Stockholm, Sweden: New research has found that breast cancer tumours change their hormonal status throughout the course of disease, whereas the decision about the most effective treatment for the patient is usually only based on one biopsy of the primary tumour. For some patients, biopsy verifications of any relapse will be very important because it may completely change their clinical management, a Swedish researcher will tell the 2011 European Multidisciplinary Cancer Congress  today (Monday 26 September). Dr. Linda Lindstrm, from the Karolinska Institutet Department of Oncology-Pathology, Solna, Stockholm, will say that her group's research is the first sizeable study to look at changes in tumours in multiple relapses in breast cancer patients.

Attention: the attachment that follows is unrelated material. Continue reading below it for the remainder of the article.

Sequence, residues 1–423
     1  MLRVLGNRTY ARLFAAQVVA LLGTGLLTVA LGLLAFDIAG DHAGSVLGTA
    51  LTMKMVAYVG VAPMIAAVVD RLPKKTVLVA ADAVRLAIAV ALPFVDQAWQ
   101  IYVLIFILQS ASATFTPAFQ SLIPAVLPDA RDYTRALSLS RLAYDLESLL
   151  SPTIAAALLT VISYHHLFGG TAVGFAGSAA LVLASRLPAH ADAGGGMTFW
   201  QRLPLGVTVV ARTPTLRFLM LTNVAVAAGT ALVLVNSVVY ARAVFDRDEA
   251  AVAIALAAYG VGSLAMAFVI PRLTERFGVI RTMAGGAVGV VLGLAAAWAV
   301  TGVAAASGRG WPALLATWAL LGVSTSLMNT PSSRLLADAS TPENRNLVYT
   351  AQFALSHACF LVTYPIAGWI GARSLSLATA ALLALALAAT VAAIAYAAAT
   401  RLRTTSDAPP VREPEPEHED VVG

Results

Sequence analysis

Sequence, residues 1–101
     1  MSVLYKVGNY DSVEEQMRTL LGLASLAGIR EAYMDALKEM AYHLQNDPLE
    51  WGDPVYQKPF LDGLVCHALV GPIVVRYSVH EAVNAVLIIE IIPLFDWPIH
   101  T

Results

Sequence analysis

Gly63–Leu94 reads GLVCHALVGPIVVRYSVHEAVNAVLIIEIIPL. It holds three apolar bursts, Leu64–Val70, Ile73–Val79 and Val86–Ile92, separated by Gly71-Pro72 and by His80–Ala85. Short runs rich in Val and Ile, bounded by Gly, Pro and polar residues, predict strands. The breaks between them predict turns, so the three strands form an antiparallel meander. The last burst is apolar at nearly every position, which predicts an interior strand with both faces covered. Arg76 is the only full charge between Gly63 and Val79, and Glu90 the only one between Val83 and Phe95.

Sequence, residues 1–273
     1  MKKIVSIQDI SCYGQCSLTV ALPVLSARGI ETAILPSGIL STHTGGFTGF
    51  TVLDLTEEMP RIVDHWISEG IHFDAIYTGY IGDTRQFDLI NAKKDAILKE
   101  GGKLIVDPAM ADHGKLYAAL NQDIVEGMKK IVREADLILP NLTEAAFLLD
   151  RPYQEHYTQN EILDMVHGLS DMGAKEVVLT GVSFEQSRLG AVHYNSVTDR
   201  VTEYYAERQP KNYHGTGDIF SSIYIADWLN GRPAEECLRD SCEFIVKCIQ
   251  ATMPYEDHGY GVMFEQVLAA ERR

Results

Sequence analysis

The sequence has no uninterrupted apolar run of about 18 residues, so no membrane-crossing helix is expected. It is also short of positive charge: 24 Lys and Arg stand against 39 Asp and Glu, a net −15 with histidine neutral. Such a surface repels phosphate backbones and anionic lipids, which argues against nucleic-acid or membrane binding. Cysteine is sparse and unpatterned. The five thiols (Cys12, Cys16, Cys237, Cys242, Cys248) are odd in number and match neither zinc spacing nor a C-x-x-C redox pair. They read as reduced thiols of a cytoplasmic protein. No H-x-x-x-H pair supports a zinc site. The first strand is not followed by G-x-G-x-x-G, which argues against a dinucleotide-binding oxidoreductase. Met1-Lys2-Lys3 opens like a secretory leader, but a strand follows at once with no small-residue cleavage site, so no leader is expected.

"Our study demonstrates tumour instability in clinically used markers throughout tumour progression. We saw, for example, that one in three breast cancer patients alter oestrogen (ER) or progesterone (PR) hormone receptor status, and 15% of patients change human epidermal growth factor receptor 2, or HER2, status during the course of disease," she will say.
ER and PR receptor status tests show whether one or both of these hormones is helping to grow the cancer. Cancer that is hormone positive can be treated by hormone-suppressing drugs, whereas hormone negative cancers may respond to other types of treatment. Hormone negative patients are normally tested for HER2. If this test is positive, treatment such as Herceptin will usually be given.
The researchers studied breast cancer patients in the Stockholm healthcare region who had a recurrence of the disease between January 1, 1997 and December 31, 2007. Information on ER status in several relapses from the same individual was assessed in 119 patients: 33.6% of patients had changes in tumour status between the different sites of relapse (local, loco-regional and metastases) whereas 36.1% of the patients were stable ER positive, and 30.3%
|Contact: Mary Rice|
ECCO-the European CanCer Organisation